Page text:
Individual or Team Coaching? Which Will Help You Reach Your Goals?
One-on-one and team coaching both have the potential to deliver significant benefits to people – and to the organizations in which they work. But how do you know which choice is right for you?
Team Coaching versus Individual Coaching?
It’s not necessarily about pursuing one over the other; choosing team or individual coaching is a matter of looking at the change the client is trying to achieve and asking: “What is the best way to get there?” Would the change – whether mastering a new skill, preparing for a new role, or any of the myriad reasons people seek or are referred for coaching – be best facilitated through one-on-one support or a team approach?
One-on-one coaching centers around executives or leaders who want to create change within themselves; maybe they need to hone a new skill or capability. Perhaps they are new in their role and want to gain the confidence to lead authentically; or they’re veterans and need to gain a fresh perspective. While leadership coaching can, and does, affect the team, it is really about the individual and their personal and professional objectives.
Team coaching involves both leaders and team members. They have a common goal. They may need to achieve a specific outcome or to operate differently as a group. Involving the team in the process, rather than just the leader, becomes a significant benefit. They create the change collectively rather than the leader trying to change the team itself.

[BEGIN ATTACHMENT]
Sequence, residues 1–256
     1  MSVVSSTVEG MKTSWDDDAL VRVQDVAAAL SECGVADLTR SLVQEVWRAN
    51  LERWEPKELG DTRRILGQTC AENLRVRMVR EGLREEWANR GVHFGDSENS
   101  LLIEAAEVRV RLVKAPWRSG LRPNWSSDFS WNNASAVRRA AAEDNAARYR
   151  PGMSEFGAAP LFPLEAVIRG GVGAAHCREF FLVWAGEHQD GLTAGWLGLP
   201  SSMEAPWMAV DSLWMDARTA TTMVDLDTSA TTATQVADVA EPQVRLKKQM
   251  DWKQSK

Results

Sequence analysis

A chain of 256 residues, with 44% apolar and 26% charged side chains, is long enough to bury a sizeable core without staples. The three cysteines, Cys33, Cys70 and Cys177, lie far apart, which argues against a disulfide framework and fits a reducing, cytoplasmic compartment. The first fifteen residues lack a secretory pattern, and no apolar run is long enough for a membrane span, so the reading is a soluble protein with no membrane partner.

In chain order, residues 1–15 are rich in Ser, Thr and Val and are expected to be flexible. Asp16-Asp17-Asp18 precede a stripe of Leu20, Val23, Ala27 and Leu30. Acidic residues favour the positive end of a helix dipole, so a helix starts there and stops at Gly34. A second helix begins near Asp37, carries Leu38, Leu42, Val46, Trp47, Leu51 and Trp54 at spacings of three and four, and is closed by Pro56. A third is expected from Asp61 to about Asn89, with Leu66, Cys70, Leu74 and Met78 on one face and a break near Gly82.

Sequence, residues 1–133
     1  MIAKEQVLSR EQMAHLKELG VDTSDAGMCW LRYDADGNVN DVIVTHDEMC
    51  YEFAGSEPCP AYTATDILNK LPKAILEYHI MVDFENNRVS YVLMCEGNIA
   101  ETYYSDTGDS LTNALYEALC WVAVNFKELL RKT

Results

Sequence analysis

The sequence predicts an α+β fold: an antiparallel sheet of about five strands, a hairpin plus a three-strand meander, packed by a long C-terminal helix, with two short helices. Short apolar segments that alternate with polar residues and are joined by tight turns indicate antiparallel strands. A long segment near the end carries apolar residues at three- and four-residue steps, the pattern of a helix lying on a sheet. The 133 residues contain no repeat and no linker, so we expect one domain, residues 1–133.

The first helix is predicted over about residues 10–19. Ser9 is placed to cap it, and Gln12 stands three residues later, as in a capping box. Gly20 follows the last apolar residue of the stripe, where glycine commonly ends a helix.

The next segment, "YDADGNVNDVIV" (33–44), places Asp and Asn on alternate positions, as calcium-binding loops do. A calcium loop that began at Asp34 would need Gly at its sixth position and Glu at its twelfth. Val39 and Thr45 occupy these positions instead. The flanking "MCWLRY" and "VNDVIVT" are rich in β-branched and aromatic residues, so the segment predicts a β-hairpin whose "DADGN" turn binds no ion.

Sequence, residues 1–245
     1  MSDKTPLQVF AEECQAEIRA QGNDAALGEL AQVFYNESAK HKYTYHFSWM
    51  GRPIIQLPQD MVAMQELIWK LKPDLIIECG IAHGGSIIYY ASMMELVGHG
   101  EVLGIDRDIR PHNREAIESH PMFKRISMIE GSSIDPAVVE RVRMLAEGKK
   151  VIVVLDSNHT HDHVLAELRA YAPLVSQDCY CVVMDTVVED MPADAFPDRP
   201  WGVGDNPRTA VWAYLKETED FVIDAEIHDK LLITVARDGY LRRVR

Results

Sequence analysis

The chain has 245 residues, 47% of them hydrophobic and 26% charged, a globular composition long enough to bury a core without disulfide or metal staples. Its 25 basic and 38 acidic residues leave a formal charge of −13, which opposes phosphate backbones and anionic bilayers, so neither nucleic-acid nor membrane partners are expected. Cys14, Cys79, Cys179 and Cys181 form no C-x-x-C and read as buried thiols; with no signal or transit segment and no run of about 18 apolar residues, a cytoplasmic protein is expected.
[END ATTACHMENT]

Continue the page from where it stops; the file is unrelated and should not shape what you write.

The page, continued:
A Combined Approach
At the same time, one-on-one and team coaching are not mutually exclusive. In one approach to team coaching, for instance, the leader agrees to individual coaching outside of the team setting, as well as live during team coaching sessions. This gives them the opportunity to better understand the dynamics of the team and their place as its leader.
There are times when individual members of the team would also benefit from one-on-one coaching. In situations like this, it pays to be cautious: the coach doesn’t want to wear too many hats. Say, for instance, that a coach is working with a team and a leader, and there is a request for individual coaching for one of the members.Avoid having one coach ‘take it all on’. Use the opportunity to match the individual with another coach. This affords that person the opportunity for independent coaching – and, with the client’s permission, the team coach can share perspectives with the independent coach to help the individual achieve their goals.
For the most part, one-on-one coaching is about the individual, not the team. Team coaching is about the team dynamic. It’s about the whole, not the individual. To determine which approach to take, always keep the goals in mind and ask: what is the best way to get there?